I Want Safe Drugs

Yesterday, Big Pharma bankrolled my 7am flight to DC and my subsequent MRI at the NIH. I’ve been feeling wretched, despite the experimental drug I’ve been taking for multiple sclerosis, and I wanted to know why. My return flight arrived six hours late, at 1:30 this morning. A few hours later, I got a call from the NIH. The MRI report is not complete, but so far it shows that I have one new contrasting lesion.
Question: what should I do about this lesion?
It is very likely that a course of IV steroids would zap me back into health. My neurologist claims there’s no long term benefit, but I’ll take a short term benefit if it means I’ll no longer be dizzy and nauseous and fatigued and tingly and struggling with my gait. Besides, in my personal experience, the relapses that I haven’t treated with steroids were the ones that produced the symptoms that persist. I once skipped a round of steroids so I could take a vacation in Maine. The tingling in my fingertips with every tap of the keyboard serves as a suggestion that maybe I should have delayed the trip a couple days.
A course of IV steroids is nothing to take lightly. For one thing, it’s expensive. That’s no problem. We have insurance. We have money. We can afford it.
For another thing, a course of IV steroids is physically and psychologically grueling. I’m likely to get ornery. I’m likely to get hungry. I’m not all that likely to get any sleep. My family and I will have to endure a few days of my feeling like a big fat angry monster. No problem. We’ve survived rounds of steroids before.
We’ve been lucky to survive. Because here’s the real problem: It’s a social, economic, and political matter, and it concerns you, gentle reader, and every person you know who takes or will take a drug.
You may not be aware of this, but the ingredients in our drugs are increasingly manufactured in India and China. What with illness and travel, I’ve been behind the Times, so to speak, and only just now got around to reading Saturday’s front page article, “Deal in Place for Inspecting Foreign Drug Suppliers, A Glimpse at Suppliers in Shadows Abroad.”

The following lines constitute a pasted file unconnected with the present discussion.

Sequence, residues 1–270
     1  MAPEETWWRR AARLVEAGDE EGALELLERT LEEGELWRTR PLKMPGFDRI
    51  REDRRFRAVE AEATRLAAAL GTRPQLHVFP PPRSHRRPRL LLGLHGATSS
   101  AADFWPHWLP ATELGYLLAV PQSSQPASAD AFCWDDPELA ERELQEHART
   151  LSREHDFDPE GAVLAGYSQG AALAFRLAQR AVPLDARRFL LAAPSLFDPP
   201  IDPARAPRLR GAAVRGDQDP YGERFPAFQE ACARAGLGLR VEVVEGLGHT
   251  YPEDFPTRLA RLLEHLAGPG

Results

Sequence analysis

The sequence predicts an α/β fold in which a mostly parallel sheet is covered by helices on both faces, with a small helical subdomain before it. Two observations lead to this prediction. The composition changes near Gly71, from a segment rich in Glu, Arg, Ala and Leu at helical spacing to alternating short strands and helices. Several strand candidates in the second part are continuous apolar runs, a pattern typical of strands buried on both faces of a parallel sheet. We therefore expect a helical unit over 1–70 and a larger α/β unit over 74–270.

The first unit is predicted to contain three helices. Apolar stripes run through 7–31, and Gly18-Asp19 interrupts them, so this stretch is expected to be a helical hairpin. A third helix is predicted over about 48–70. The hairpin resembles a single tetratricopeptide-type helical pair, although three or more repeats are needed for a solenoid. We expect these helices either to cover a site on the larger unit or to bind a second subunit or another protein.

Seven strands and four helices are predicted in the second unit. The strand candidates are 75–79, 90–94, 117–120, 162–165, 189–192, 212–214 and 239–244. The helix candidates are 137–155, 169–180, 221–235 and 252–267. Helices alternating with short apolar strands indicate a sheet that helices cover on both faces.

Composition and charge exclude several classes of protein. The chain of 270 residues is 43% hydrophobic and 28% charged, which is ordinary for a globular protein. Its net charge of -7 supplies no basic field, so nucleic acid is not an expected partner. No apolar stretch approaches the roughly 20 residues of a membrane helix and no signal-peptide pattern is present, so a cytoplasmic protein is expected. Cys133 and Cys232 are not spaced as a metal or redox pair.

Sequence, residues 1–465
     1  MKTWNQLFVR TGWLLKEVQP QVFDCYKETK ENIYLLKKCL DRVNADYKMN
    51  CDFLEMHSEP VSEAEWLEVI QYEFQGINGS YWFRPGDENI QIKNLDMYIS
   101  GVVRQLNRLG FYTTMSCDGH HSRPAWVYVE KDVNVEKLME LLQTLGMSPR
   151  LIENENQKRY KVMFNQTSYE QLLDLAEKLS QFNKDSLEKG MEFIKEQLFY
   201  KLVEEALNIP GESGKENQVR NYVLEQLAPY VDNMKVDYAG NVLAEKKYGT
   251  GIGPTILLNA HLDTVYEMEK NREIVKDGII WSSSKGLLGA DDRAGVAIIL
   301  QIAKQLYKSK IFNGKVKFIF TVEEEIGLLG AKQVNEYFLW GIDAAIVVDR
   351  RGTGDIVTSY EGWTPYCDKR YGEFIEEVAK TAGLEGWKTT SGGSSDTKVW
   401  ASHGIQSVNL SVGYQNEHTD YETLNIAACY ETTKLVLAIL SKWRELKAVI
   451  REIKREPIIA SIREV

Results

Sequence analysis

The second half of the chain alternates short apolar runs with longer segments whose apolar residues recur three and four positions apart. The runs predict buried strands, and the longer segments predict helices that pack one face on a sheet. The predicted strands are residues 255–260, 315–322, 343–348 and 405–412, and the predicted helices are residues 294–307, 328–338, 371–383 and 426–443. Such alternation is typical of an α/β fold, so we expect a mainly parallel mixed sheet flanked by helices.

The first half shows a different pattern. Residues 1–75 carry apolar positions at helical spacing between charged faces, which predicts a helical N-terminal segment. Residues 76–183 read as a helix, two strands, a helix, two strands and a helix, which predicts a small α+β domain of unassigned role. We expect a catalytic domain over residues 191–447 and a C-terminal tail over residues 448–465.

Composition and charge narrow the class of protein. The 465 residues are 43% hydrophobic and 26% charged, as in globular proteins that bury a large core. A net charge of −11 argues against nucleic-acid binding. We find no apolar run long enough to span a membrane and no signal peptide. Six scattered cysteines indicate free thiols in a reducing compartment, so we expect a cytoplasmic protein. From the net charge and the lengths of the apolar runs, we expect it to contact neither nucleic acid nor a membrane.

Apparently, “More than 80 percent of the active ingredients for drugs sold in the United States are made abroad, mostly in a shadowy network of facilities in China and India that are rarely visited by government inspectors”
This is a problem.
I don’t know where the steroids are coming from. But I do know they are typically flushed with heparin. Does the name “heparin” sound vaguely familiar to you? You might recall the scandal a few years back, when “Chinese manufacturers deliberately substituted a cheap fake for the dried pig intestines used to make the blood-thinning drug heparin. The tainted drug was linked to 81 deaths and exposed tens of thousands of people to danger. The F.D.A. never inspected the plants making the crucial ingredients, a larger problem that only now, more than three years later, may be fixed.”
What if that heparin problem isn’t fixed? Do I unwitting submit to paying for “a cheap fake” coursing through my veins? Or do I not take the drug, and continue to suffer?
Now, the whole purpose of the Times article was to celebrate a “breakthrough” in foreign inspection. There is currently legislation on the table. “The proposed solution to this problem is for generic pharma companies to pay the FDA $299 million/year to send representatives from the FDA all around the world for bi-annual inspections.”
I don’t think too highly of this solution.
There’s one other issue that’s been in the papers lately. Way too many Americans are out of work.
Why not bring the drug manufacturing jobs back to the USA?
Drugs could be more easily inspected. Americans could get back to work again. Patients like me can feel confident that the drugs we are taking will help us, not harm us. Drug companies, generic and non-generic, can avoid further scandal, like the Tylenol debacle that broke out just today.
As a lab rat, I have some inkling of all the care and expense and governmental cooperation that goes into testing a new drug. Why let that work go to waste with a sloppy end product?
I may just use my steroid fueled ornery energy to see what a big fat angry monster can do to get some real change going in the way our drugs are manufactured and inspected. I believe there’s a real opportunity for the first major drug company to tout their drugs as being manufactured and monitored right here in the USA.

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